Walking in the Light

by Perry Hall

What does walking in the light mean? On one side proponents claim walking in darkness happens when the Christian commits even one sin; "sin is darkness, after all." The opposing side counters, walking in light describes a life-style, not each punctiliar action - "its a walk, not one step."

Contextually, "walking in light" is defined and restricted by "if we confess our sins" (I John 1:9). Likewise walking in darkness simply and only means if we say that we have not sinned (I John 1:10).

Therefore, contextually, walking in light is accomplished, not because we habitually walk with God, obeying Him; but we walk in the light when we admit Christians sin - when we admit all our actions are not in the light. Ironic, isn't it?

Similarly, contextually, walking in darkness is accomplished, not because we habitually/continuously/periodically/singularly (you choose your position) sin, but we walk in the darkness when we confess Christians do not sin -- when we claim none of our actions are in the dark.

Again, note the irony.

Contextually (there's that word again), walking in the light means we admit we sin. Walking in darkness means we believe we do not sin - or at least that our sinful actions do not soil our soul making us sinless.

Instead of connecting light with perfection, and darkness with imperfection, John ironically proves light is confessing imperfections and darkness is teaching perfection. Why? Because light is truth and the truth is we sin. God is truth, God is light therefore God confesses we sin (I John 1:10).

Why the ironic approach, or dare we say, sarcasm?

John is dealing with a particular heresy, Gnosticism. According to this false doctrine, "salvation comes as illumination (light- PDH) dispelling ignorance, triumphing over the material (fleshly sin - PDH) The church becomes the club of the illuminated (those walking in light - PDH) not the society of the redeemed (those who confess their sins - PDH)." [Zondervan's, vol. 2, p. 738.]

The Gnostics thought they were walking the light (i.e. illuminated) because they triumphed over the material (i.e. sin). Their "enlightened" view only produced darkness. the denial of the truth that even God confessed (i.e. we are sinners.) Where did they arrive at such a concept of sin?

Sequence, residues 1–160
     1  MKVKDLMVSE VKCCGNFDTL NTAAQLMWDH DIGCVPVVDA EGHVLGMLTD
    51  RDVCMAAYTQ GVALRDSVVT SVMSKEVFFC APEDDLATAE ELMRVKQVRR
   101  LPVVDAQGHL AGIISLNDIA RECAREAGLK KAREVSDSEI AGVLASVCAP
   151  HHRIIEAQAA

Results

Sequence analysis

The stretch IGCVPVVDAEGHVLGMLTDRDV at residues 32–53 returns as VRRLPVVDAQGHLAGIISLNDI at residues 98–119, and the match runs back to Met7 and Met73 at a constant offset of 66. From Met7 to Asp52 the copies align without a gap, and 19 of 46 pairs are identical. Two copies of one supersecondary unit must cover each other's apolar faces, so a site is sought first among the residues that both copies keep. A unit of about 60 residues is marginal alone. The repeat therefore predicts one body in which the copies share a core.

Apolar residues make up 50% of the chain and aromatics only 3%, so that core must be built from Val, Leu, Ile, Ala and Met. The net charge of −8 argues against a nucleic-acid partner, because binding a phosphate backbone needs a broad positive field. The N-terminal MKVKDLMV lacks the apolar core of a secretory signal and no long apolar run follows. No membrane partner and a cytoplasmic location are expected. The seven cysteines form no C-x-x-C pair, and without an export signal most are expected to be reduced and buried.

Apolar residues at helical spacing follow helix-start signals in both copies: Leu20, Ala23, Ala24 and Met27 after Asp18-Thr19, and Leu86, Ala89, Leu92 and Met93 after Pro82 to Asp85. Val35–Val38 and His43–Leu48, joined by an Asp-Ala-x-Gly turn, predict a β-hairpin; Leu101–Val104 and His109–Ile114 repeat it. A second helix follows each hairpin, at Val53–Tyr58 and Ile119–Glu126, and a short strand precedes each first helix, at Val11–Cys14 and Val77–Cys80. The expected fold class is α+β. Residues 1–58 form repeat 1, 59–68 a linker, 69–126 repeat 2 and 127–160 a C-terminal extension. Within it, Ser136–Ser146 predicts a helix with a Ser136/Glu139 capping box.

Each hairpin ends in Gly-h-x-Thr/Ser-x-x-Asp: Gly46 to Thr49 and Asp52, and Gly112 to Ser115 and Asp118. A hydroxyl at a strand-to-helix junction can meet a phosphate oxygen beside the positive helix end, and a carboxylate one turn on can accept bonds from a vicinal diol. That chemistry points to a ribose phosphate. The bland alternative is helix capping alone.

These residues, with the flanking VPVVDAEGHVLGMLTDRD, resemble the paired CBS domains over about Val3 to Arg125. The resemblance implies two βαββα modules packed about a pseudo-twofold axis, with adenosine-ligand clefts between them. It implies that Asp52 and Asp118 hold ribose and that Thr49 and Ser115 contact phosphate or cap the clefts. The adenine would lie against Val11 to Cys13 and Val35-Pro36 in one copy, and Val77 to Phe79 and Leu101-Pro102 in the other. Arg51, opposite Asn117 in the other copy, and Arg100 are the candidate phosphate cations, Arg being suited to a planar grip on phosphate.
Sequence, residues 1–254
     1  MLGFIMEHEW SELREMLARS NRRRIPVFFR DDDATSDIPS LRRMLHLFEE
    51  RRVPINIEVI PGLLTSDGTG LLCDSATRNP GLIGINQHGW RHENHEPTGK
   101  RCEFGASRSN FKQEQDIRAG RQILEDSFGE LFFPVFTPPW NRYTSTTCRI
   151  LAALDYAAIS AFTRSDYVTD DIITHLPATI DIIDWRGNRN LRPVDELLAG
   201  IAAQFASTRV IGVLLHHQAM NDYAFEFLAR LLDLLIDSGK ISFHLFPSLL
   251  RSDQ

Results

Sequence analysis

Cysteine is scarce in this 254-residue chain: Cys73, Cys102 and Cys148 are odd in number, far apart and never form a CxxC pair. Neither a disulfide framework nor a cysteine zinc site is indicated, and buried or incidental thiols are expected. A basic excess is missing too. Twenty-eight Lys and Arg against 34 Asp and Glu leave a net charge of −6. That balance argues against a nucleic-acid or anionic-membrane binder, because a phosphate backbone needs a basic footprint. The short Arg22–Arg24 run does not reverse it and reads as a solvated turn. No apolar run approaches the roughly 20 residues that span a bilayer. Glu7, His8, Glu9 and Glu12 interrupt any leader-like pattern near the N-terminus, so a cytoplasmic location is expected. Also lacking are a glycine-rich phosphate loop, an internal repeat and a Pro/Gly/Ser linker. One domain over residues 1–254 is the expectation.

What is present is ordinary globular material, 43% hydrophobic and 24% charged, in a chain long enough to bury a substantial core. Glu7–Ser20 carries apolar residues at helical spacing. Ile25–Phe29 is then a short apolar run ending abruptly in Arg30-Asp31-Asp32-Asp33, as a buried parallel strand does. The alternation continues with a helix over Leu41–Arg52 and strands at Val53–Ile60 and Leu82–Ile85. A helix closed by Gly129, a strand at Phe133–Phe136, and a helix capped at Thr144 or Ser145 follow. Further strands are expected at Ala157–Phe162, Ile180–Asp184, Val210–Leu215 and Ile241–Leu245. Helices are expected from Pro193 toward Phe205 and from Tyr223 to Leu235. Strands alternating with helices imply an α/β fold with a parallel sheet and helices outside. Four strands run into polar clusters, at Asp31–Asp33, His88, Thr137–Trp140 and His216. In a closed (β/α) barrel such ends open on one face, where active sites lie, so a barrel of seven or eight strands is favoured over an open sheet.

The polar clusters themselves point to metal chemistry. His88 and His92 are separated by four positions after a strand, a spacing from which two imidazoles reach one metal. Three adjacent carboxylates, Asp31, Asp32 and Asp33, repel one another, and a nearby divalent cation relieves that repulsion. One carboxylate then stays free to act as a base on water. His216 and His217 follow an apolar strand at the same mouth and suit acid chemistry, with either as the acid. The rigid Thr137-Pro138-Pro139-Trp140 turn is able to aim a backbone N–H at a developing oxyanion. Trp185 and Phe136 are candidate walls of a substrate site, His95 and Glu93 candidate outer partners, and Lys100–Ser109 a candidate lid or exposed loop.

"Heathen authors say very little about sin. and classic paganism had little or no conception of sin in the Gospel sense. The nearest approach to it was by Plato, from whose works a tolerably complete doctrinal statement might be gathered of the origin, nature. and effects of sin. The fundamental idea of hamartia (sin) among the Greeks is physical: the missing of a mark (see on Matthew 1:21; 6:14) from which it develops into a metaphysical meaning, to wonder in the understanding. This assumes knowledge as the basis of goodness: and sin, therefore, is, primarily, ignorance. In the Platonic conception of sin, intellectual error is the prominent element." [Vincent, v. 2, p. 318.]

Therefore, we walk in the light when we confess our sins (i.e. that we are sinners); we walk in the darkness when we believe we do not sin (i.e. that we are not sinners.) Ironic, yet simple.

Since this text has been subjected to not a few syllogisms, let me add to the mountainous terrain while fearfully aware of the precipitous perils of human reasoning -- or should I appropriately say, human gnosis?

  • God is light (I John 1:5).
  • Light is truth (I John 1:6).
  • God is truth.
  • Walking in light is walking in truth (I John 1:6).
  • Truth is we sin (I John 1:8-9).
  • Walking in truth is confessing our sins (I John 1:7-9).
  • Therefore walking in light is confessing our sins (i.e. that we sin).


  • God is not darkness (I John 1:5).
  • Darkness is nontruth (I John 1:6).
  • God is not nontruth.
  • Walking in darkness is walking in nontruth (I John 1:6)
  • Nontruth is we do not sin (I John 1:8).
  • Walking in nontruth is saying we do not sin (I John 1:8).
  • Therefore walking in darkness is denying we sin.


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